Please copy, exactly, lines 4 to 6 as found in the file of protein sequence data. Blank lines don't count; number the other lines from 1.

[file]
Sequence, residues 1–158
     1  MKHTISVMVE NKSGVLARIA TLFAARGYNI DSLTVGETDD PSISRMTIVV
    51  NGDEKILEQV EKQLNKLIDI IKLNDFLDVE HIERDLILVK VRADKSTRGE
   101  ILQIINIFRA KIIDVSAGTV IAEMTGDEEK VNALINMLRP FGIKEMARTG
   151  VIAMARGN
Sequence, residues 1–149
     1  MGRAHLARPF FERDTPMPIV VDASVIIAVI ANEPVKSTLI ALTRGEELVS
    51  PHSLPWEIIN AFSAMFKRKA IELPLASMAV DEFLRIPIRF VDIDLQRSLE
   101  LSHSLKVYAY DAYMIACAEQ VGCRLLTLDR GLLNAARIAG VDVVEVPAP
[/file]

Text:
   101  ILQIINIFRA KIIDVSAGTV IAEMTGDEEK VNALINMLRP FGIKEMARTG
   151  VIAMARGN
Sequence, residues 1–149